The just-released Hindi film, Aladin, has at least 1,600 visual effects, many so sophisticated and subtle that they are hard to discern. British visual effects guru Charles Darby, who has worked as part of the effects team for Hollywood juggernauts such as Titanic and Matrix, led the 200-strong visual effects team that made Aladin happen.
Genie talk: Bachchan with Deshmukh in a still from Aladin; (right) Ghosh on the set.
But that’s not all that makes Aladin special. A contemporary take on the classic story of the boy who struck it big with a magic lamp, the film has a vibrant cast with Riteish Deshmukh as Aladin Chatterjee, Amitabh Bachchan as a genie called Genius and Sanjay Dutt in a supporting role as an evil magician. It also marks the film debut of Sri Lankan beauty queen Jacqueline Fernandez as Jasmine, the object of Aladin’s affections.
Set in present-day India in a fictitious town called Khwaish, the story has protagonist Aladin falling madly in love with Jasmine, a girl who has just joined his college. His attempts to court her are thwarted by his bete noire Kasim. Kasim and his gang bully Aladin, evoking connections to his fairy-tale namesake, making him rub sundry lamps to make a genie appear. One day, a genie does appears and grants him three wishes. Now everyone wants a piece of the genie and plenty of drama unfolds.
This is the third film by director Sujoy Ghosh, who first made his mark with the sprightly Jhankaar Beats six years ago, and then made Home Delivery, which released in 2005 and bombed. Aladin was the opening film at the South Asian International Film Festival in New York that started on Wednesday. After four years spent in the making, all Ghosh can do now is bank on the genie. Edited excerpts from an interview:
What made you take on the classic tale of Aladin?
I wanted to make a summer movie (in industry parlance, a big budget film that appeals to all age groups) with super-sized popcorn value. I was looking for a story that could be set in India and one that would work as a visual spectacle. Aladin worked on all counts.
So the story was incidental to the making of a “visual spectacle”? Would you call this a special effects movie?
No, the story just worked out for us organically. I wouldn’t call it a special effects movie. Effects can only support a story; they can’t make a bad story good. The reason that the special effects are being talked about is because we are targeting a young audience. Besides, the special effects are just one faculty in the wide array of film-making faculties. But yes, it’s exciting because it’s still new for the Indian film scene and offers so much to the director in terms of doability and making things happen on screen.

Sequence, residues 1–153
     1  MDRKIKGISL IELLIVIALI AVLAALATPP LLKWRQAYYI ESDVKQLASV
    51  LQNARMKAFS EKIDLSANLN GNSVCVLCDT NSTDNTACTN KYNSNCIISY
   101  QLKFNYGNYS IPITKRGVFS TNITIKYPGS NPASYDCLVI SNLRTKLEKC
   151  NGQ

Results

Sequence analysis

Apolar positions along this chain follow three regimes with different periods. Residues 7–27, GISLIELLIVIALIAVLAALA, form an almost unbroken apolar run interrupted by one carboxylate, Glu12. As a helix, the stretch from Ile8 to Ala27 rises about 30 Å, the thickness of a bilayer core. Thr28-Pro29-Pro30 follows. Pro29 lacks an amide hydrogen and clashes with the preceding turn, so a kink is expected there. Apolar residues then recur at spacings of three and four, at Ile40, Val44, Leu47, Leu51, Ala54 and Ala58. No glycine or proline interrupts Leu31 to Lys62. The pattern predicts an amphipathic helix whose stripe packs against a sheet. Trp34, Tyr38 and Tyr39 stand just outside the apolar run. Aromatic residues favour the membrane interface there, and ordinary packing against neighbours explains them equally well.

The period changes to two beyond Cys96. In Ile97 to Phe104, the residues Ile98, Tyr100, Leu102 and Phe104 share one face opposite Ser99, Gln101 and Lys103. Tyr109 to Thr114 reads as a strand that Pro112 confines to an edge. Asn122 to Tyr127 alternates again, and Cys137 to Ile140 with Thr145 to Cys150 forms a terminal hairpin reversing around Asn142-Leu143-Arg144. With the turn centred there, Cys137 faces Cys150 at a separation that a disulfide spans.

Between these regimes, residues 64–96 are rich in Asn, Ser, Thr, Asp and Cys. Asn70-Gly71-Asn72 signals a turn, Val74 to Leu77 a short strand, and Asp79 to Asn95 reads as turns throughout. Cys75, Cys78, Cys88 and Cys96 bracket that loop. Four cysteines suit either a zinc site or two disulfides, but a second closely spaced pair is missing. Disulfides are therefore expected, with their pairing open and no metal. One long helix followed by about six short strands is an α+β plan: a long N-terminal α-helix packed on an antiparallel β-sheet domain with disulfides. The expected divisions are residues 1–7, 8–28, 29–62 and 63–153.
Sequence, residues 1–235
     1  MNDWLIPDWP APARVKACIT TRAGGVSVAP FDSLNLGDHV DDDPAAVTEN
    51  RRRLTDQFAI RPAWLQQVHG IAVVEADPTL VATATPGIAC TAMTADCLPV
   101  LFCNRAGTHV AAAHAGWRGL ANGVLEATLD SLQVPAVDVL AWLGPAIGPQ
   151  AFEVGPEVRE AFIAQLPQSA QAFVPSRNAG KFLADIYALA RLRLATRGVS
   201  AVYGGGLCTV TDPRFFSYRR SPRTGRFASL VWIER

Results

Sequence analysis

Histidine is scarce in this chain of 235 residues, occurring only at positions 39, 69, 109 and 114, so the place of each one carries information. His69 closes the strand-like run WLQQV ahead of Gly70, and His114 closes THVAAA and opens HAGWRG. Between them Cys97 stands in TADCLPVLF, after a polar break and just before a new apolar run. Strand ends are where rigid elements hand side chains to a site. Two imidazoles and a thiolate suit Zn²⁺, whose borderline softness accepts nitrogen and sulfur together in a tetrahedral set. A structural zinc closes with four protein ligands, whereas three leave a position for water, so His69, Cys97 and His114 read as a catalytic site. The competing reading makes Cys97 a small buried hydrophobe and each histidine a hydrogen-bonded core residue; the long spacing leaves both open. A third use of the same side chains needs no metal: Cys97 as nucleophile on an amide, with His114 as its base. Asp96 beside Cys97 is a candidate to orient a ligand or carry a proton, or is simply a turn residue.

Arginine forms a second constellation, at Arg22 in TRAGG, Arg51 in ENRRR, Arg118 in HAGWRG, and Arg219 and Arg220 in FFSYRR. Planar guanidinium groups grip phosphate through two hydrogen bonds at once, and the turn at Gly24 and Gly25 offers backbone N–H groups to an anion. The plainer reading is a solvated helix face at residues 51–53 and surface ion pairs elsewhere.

Tell us about this fantasy town of Khwaish.
We put it together with much labour. The art director Sabu Cyril did a fantastic job. It’s a present-day city but like something you haven’t seen before. The streets are cobblestoned, old heritage buildings still stand strong and the town folk exude a mysterious brand of happiness.
Will this be something like Shekhar Kapur’s ‘Mr India’ then?
That’s one of my icon movies! I hope it gets close. After how badly my last film did, making Aladin has been tough...a big leap of faith for all involved, really.
What did you do before you made ‘Jhankaar Beats’? Are you a product of film school? What’s your cinematic benchmark?
Oh, I worked at a staid corporate job at Reuters. I started writing Jhankaar Beats in my after hours sometime around 1997 and I was pretty damn pleased with the way things turned out. My cinematic benchmark would most definitely be Satyajit Ray.
Ray? But how are your films any similar to his?
I assure you, Ray would have been proud if he saw this! It’s the whole essence of storytelling that I’ve borrowed from him. Ray always said that the director is firstly a storyteller. And so, one must keep the story simple so as to concentrate on telling it well. This story is straight and simple, no complicated subplots or sudden twists.
This film is vastly different from your first two. Do you love fantasy?
I love fantasy in films. It’s important to suspend disbelief when you enter a movie hall...it’s liberating. But in life, you can’t just make wishes. You need to work hard to make them come true. I know that only too well.
Aladin (Hindi) released in theatres on Friday.